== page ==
Speeding up a sklearn model pipeline to serve single predictions with very low latency. Writing your own sklearn functions, (for now final)
If you have worked with sklearn before you certainly came across the struggles between using dataframes or arrays as inputs to your transformers and estimators. Both bring their advantages and disadvantages. But once you deploy your model, for example as a service, in many cases it will serve single predictions. Max Halford has shown some great examples on how to improve various sklearn transformers and estimators to serve single predictions with an extra performance boost and potential responses in low millisecond range! In this short post we will advance these tricks and develop a full pipeline.
A few months ago Max Halford wrote an awesome blogpost where he described how we can modify sklearn transformers and estimators to handle single data points at a higher speed, essentially using one-dimensional arrays. When you build sklearn model pipelines they usually work with numpy arrays and pandas dataframes at the same time. Arrays often provide better performance, because the numpy implementations for many computations are high performant and often vectorized. But it also gets trickier to control your transformations using column names, which the arrays do not have. If you use pandas dataframes you might get worse performance, but your code might get more readable and column names (i.e. feature names) stick with the data for most transformers. During data exploration and model training you are mostly interested in batch transformations and predictions, but once you deploy your trained model pipeline as a service, you might also be interested in single predictions. In both cases service users will send a payload like below.
Machine Learning Pipelines performs a complete workflow with an ordered sequence of the process involved in a Machine Learning task. The Pipelines can also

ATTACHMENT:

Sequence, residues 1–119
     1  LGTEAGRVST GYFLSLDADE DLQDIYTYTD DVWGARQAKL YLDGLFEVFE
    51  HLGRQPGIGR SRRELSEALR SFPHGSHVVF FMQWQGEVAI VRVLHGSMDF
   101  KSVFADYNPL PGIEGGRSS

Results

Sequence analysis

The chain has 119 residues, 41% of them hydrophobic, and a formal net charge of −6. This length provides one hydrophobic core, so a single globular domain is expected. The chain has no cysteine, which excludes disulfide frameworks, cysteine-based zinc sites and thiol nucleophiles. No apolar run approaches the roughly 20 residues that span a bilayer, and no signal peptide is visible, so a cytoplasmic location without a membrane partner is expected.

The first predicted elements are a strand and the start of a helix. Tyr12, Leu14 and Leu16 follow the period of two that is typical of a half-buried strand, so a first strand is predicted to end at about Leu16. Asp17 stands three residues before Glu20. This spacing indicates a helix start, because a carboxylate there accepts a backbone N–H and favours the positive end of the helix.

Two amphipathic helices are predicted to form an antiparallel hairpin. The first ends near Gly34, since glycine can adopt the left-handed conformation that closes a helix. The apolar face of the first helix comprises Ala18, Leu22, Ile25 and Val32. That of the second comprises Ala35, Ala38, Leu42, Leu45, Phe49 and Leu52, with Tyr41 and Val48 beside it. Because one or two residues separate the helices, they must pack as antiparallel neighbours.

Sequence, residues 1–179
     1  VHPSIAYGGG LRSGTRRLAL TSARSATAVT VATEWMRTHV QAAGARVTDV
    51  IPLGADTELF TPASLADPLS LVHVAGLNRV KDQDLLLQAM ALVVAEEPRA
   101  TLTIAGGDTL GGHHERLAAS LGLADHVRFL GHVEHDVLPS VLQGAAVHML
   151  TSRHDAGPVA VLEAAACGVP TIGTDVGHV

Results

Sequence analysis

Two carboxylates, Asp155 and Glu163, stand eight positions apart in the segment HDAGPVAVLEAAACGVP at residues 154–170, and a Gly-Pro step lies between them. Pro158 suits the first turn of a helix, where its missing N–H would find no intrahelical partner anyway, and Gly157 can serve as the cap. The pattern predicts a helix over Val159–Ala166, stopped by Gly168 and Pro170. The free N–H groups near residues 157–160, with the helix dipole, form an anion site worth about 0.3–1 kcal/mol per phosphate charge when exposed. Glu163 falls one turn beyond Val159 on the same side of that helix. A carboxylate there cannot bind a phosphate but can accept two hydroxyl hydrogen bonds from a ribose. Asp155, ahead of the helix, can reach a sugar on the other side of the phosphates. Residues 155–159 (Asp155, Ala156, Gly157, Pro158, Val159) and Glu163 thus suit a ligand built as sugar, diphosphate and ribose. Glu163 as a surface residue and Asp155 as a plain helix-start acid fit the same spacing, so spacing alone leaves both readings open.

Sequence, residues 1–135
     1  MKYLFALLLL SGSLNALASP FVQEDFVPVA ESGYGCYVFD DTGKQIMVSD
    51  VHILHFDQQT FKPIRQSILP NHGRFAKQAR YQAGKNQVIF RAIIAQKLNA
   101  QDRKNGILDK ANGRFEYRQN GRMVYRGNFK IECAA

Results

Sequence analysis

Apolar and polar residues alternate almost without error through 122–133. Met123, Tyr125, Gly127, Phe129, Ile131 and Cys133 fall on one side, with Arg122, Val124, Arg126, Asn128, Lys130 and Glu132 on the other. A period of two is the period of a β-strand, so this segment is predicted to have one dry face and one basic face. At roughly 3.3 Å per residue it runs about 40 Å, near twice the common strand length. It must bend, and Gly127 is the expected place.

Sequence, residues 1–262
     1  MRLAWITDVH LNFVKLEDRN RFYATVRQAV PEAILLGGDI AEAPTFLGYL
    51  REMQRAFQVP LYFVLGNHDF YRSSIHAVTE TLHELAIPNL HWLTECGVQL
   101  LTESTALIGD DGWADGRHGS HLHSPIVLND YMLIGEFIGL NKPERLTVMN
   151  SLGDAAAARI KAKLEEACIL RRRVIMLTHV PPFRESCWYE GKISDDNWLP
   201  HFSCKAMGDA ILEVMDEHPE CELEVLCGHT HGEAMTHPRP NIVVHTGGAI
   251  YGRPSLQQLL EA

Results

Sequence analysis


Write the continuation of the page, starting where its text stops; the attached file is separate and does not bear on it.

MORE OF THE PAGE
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A Step by Step Tutorial for Building Machine Learning Pipelines - ![Image for post](https://miro.medium.com/max/619/1*86suKCX7I7v0SJNxUJmYlg.png) (Image by author) ### Why Pipelines? The machine learning workflow consists of many steps from data preparation (e.g., dealing with missing values, scaling/encoding, feature extraction). When first learning this workflow, we perform the data preparation one step at a time. This can become time consuming since we need to perform the preparation steps to both the training and testing data. Pipelines allow us to streamline this process by compiling the preparation steps while easing the task of model tuning and monitoring. Scikit-Learn’s Pipeline class provides a structure for applying a series of data transformations followed by an estimator (Mayo, 2017). For a more detailed overview, take a look over the [**documentation**](https://scikit-learn.org/stable/modules/generated/sklearn.pipeline.Pipeline.html). There are many benefits when implementing a Pipeline: This post will serve as a step by step guide to build pipelines that streamline the machine learning workflow. I will be using the infamous Titanic dataset for this tutorial. The dataset was obtained from Kaggle.
Machine Learning Pipelines performs a complete workflow with an ordered sequence of the process involved in a Machine Learning task.
We will explore pipelines in machine learning and will also see how to implement these for a better understanding of all the transformations steps.